A brief overview of the Solaris 10 nvpair library
Solaris 10 code often uses a data structure called nvpairs (or nvlists), including all throughout the ZFS code, even in the kernel. There doesn't seem to be a good overview of the libnvpair library, and since I've just spent the past couple of weeks up to my elbows in the OpenSolaris ZFS codebase it seems like a good time to write down what I've learned about nvlists and nvpairs before I forget it.
The basic overview is that an nvlist is a list, possibly nested, of names (keys) and values, aka nvpairs. An nvpair has a name (a C string, although Solaris code always uses #defines for them and so hides this in header files), a value, and the type of the value. There are a lot of possible nvpair value types, but two important ones are nvlists and nvlist arrays. A nvlist value is just another nested nvlist; an nvlist array is, well, an array of them. As an example, in ZFS pool configurations a vdev is an nvlist and the list of devices in it is an nvlist array.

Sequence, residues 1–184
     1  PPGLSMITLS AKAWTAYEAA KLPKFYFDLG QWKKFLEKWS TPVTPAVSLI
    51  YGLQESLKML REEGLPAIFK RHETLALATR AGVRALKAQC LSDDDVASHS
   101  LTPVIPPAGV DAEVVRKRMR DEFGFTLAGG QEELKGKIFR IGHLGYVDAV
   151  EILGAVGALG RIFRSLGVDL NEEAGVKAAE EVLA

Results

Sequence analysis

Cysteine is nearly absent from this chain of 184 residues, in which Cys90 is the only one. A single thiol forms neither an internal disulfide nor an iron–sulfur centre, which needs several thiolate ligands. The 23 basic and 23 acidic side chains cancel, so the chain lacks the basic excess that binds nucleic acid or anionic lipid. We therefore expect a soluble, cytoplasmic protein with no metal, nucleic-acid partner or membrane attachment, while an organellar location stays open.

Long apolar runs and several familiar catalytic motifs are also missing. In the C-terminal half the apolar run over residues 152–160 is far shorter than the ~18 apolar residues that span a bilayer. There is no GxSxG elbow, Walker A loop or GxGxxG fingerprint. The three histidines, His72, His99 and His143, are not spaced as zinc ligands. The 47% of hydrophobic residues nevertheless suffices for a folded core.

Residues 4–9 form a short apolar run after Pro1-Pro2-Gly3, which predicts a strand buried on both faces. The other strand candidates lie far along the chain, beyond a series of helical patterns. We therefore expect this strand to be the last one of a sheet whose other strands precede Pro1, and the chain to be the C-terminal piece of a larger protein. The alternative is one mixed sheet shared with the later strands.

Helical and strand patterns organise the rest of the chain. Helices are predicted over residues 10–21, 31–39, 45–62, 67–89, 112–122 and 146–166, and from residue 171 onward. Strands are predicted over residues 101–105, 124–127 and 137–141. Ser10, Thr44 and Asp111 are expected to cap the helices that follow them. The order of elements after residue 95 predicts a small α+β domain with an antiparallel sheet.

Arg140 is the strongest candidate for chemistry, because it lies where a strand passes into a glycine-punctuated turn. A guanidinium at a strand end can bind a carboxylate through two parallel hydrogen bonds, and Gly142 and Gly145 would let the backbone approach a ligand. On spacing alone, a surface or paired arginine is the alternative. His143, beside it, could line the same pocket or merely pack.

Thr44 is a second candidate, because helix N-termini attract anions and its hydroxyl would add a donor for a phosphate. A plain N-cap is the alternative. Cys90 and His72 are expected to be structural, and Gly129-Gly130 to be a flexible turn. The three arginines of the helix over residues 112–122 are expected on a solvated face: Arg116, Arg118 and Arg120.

(In common practice there can't be duplicate keys in a given nvlist. While you can create nvlists where this is not the case, this causes a lot of the convenient 'get the element with name X' retrieval functions to stop working.)
The Solaris code I've seen has pretty much used nvlists as if they were some peculiar and awkward hybrid of C structs and Python dictionaries. (For example, the ZFS kernel code keeps a bunch of things in nvlists instead of unpacking them into structs.)
That the keys are strings and nvpairs carry type information makes an nvlist self-describing; if you want, you can print out an arbitrary nvlist without knowing anything about its structure beforehand (including descending into its children). However, nvlists are not self-identifying in the way that, say, XML files usually are, in that there is no particular label that will tell you what a random nvlist is for or represents.
Nvlists can be serialized to disk and then loaded back again. As you might guess from everything so far, a ZFS pool's configuration is stored as an nvlist that is then embedded in the pool. For that matter, ZFS device labels are also nvlists.
(It is probably not quite true that everything that moves in Solaris 10 is an nvlist, but it sometimes feels like it.)